There is a pretty good chance you have never been deposed before. So, here is a little bit about what to expect at your first deposition.
Most of the time, depositions will occur at a court reporter’s office. However, they may be online since we are still in the days of Covid. Make sure you know where you are expected to be and do not try to change plans last minute.
If you are expected to be in person, prepare accordingly and arrive a few minutes early.
If you are scheduled to appear online, test out the link to the deposition ahead of time to ensure that your video and audio are working. You must be seen during the deposition, even if it is online. Prepare to be wherever you begin the deposition for the full amount of time reserved. Make sure that you are in a quiet, private place for the deposition.
While what you wear is not particularly important, the attorneys and court reporter will likely be wearing professional business attire (suits, ties, etc.), as they would dress for court. Dressing similarly, especially if you appear in person, would not feel out of place. If you are appearing online, it is essential to look professional, at least from the waist and up, as that is likely the online area that will be seen.
3. On the Record
Like testifying in court, everything you say at the deposition will be on the record.
You’ll be asked to show your ID at the beginning of the deposition so your identity can be verified. Bring your driver’s license or another approved form of identification! You will also be required to take an oath before the deposition may begin. The oath administered during a deposition is the same one administered in court – take it seriously.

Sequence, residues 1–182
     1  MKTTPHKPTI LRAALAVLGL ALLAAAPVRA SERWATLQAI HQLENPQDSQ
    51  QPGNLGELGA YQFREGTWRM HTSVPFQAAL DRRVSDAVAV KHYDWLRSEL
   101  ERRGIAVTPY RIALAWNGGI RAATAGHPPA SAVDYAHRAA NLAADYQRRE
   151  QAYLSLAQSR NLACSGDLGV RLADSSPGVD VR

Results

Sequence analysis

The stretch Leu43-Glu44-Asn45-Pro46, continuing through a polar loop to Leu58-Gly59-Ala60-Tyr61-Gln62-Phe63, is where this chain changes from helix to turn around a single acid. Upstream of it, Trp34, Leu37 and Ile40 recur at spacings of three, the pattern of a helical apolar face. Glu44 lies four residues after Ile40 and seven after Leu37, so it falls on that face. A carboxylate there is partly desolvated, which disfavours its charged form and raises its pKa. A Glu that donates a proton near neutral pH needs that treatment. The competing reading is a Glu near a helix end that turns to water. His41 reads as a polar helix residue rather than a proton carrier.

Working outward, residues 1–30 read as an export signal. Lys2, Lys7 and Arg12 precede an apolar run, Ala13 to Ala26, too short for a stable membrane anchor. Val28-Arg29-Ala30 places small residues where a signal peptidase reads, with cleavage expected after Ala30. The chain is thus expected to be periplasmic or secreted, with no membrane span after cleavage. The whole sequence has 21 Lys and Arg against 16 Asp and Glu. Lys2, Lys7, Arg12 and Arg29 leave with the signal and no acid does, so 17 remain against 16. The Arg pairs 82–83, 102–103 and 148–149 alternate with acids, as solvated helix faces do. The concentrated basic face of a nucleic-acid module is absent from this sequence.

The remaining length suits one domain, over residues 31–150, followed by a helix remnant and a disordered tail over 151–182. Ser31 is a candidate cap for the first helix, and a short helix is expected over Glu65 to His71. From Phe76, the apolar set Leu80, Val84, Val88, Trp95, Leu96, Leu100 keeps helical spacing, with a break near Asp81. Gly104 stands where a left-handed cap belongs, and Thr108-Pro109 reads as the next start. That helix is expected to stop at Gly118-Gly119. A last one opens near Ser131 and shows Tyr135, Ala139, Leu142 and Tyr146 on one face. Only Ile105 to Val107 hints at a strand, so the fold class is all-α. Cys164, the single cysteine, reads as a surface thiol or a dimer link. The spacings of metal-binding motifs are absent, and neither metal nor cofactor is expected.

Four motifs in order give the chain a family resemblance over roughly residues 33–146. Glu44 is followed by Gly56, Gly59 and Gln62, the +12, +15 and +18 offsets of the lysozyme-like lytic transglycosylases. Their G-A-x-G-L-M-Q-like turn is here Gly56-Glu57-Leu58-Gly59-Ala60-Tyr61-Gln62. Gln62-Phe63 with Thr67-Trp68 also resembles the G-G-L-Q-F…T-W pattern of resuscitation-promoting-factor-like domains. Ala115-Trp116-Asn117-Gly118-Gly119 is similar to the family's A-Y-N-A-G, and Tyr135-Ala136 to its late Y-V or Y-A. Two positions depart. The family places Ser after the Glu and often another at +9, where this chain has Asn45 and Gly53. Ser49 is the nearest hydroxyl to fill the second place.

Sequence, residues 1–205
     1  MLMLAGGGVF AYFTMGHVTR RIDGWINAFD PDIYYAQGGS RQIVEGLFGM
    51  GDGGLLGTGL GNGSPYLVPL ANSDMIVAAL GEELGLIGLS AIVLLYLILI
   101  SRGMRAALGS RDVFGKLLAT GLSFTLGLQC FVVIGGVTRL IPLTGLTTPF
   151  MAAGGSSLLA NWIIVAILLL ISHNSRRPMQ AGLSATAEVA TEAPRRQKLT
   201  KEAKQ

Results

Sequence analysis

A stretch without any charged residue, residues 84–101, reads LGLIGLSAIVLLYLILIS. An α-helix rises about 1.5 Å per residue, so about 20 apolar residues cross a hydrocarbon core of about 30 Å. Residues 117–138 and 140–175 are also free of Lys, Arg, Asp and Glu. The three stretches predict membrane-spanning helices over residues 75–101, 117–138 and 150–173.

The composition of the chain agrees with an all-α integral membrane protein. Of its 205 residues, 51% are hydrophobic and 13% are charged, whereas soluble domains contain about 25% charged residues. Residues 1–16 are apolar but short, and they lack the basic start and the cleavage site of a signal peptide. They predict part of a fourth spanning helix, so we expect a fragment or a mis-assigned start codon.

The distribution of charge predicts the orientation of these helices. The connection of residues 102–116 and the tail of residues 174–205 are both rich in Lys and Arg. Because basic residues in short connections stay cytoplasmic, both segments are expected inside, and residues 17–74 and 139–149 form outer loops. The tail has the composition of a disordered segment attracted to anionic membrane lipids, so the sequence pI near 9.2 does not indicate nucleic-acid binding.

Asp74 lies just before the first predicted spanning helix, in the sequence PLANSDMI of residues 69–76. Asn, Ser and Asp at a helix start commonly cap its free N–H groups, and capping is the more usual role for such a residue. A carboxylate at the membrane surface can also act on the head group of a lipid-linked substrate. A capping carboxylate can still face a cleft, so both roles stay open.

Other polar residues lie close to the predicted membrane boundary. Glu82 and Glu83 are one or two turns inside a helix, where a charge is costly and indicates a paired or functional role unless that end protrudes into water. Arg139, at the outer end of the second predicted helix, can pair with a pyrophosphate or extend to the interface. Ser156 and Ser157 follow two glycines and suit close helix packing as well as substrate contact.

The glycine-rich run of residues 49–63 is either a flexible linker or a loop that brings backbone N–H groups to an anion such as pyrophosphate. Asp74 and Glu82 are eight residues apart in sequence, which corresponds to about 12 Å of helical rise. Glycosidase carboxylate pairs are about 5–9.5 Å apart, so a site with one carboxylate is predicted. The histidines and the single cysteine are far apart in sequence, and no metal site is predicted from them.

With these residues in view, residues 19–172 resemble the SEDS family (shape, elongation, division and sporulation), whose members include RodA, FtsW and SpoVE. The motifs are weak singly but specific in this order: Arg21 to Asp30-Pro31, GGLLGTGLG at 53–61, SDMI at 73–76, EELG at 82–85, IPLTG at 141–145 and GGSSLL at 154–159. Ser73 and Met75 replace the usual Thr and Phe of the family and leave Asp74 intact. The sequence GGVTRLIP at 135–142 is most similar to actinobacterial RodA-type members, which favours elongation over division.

The court reporter, a person hired to take down everything that was said, will create a transcript that you may elect to review after the deposition takes place so you can make typographical changes. You cannot change the content of your testimony after the deposition concludes.
4. Answering Questions
Be prepared to answer any questions the attorneys may ask you. Take your time and make sure your responses are accurate and respectful. They may be used in court later.
To ensure your responses can be written down accurately, be sure to articulate your answers and refrain from using ambiguous responses like shaking your head or saying “mhmmm.” If you are not clear, the court reporter will likely remind you of this and ask you to clarify.
If you have any questions, you can ask your lawyer. The lawyers at Thompson, Crawford, Brown & Smiley have taken and defended against hundreds of depositions, and we are ready to advise you – give us a call today at 850-386-5777!